Rites of passage for women in Evangelical Christianity: A theological and ritual analysis

by Davis, Amy Frances, Ph.D., DREW UNIVERSITY, 2010, 359 pages; 3420016


The juxtaposition of the Evangelical Tradition and Ritual Theory is relatively unprecedented, since only one scholar, Lisa Graham McMinn, attempts to put the two into dialog with one another when writing of rites of passage for both men and women. Given the rising North American interest in rites of passage, such a dialog needs further development. Therefore, this dissertation contributes to that development by both inventing a theological and ritual methodology for analysis of rites of passage for women in the Evangelical Tradition, and applying it to four Evangelical rites: Lifeway Christian Resources' True Love Waits, Chuck Stecker's Men of Honor, Women of Virtue, the Ledbetter and Weidemann Spiritual Milestones, and Richelle B. White's Daughters of Imani.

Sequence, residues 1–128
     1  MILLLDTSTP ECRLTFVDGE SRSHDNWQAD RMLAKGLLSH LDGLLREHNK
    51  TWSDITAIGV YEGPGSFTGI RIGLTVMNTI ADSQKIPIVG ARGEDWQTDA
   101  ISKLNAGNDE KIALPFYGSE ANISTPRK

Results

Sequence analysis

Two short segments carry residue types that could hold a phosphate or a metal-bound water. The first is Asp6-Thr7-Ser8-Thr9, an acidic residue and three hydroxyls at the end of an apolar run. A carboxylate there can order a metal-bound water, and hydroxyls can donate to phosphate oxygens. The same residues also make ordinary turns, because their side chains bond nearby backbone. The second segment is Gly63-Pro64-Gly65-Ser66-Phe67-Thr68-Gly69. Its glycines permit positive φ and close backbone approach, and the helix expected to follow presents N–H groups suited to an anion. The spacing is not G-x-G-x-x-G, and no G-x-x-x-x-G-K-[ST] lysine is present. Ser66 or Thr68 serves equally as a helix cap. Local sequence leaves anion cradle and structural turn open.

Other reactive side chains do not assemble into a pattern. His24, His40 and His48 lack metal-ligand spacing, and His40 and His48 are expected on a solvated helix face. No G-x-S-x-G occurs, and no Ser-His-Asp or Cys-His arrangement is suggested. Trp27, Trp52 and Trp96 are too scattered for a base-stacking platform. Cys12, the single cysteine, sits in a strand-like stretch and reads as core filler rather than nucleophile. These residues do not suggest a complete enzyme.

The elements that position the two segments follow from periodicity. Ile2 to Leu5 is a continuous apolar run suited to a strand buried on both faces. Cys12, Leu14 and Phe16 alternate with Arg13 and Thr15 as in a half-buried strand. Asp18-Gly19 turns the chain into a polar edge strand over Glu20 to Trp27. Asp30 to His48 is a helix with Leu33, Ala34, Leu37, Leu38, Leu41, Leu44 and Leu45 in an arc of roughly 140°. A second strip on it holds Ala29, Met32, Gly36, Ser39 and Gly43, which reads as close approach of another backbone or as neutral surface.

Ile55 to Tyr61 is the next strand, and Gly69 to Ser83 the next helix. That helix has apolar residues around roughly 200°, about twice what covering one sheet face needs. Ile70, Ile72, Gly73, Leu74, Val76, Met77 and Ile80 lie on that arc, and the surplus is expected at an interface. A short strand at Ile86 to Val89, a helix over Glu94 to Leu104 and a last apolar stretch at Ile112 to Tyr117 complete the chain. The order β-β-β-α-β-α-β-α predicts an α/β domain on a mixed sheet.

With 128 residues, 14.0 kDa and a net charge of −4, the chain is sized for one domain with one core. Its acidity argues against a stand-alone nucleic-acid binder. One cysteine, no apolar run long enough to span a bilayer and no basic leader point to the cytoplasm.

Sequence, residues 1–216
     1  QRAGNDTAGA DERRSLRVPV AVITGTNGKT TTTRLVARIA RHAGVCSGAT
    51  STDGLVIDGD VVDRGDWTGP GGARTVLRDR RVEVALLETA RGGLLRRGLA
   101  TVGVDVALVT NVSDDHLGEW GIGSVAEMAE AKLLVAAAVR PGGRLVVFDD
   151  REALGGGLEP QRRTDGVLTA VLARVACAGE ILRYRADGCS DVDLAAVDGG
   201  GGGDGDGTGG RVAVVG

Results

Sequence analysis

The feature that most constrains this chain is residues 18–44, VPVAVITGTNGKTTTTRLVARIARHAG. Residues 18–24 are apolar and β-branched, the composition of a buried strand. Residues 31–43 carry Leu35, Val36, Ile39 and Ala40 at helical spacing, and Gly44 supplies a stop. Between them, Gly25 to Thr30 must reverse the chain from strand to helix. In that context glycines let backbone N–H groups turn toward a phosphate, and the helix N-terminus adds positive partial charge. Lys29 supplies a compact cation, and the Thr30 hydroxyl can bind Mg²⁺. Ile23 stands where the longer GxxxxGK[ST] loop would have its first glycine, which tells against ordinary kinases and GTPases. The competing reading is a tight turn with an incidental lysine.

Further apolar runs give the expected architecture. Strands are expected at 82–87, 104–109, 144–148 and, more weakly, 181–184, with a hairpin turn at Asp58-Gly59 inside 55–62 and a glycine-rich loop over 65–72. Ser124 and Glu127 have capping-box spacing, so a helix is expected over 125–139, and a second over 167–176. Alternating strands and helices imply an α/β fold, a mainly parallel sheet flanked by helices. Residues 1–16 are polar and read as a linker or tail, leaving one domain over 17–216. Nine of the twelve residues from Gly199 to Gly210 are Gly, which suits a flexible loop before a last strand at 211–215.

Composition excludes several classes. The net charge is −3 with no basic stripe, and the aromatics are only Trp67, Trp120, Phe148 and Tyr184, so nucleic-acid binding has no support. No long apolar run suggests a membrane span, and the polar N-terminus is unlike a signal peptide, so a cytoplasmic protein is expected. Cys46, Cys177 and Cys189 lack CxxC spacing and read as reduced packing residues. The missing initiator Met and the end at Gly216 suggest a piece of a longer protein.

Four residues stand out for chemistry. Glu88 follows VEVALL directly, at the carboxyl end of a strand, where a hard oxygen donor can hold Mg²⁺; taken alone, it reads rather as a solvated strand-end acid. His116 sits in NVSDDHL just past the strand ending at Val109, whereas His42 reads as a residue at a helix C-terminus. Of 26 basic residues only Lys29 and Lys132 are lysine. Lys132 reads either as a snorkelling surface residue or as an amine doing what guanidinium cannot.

The theological and ritual methodology is based on the defining characteristics of both the Evangelical Tradition and effective rites of passage. David Bebbington was the first to define the Evangelical Tradition by its four core values: Conversionism, Biblicism, Crucicentrism and Activism; many other Evangelical authors have built on his work, including Randall Balmer, Lauren Winner and Robert Webber. Ronald Grimes was the first to define effective Rites of Passage as those that function as attention-givers, have the purpose of transformation, and require much from the community; his work builds on that of Arnold van Gennep and Victor Turner. The two subjects have undergone feminist critique, since both the story of women Evangelicals and that of Rites of Passage for women were neglected. In order to write about this Tradition, I will employ the poststructuralist feminist discursive analysis of Mary McClintock Fulkerson, moving beyond issues of language, but still searching for emancipation for women as evidenced by the rites.

The dissertation concludes with a summary of the findings, including an expansion of the core value of Conversionism, and the additional core value of Counterculturalism that is apparent in the rites. It also questions the application of van Gennep's male three-stage rite of Passage process to rites for women. Finally, it includes recommendations for possible future rites of passage for women in the Evangelical Tradition.

AdviserHeather Murray Elkins
Source TypeDissertation
SubjectsReligion; Women's studies; Theology
Publication Number3420016

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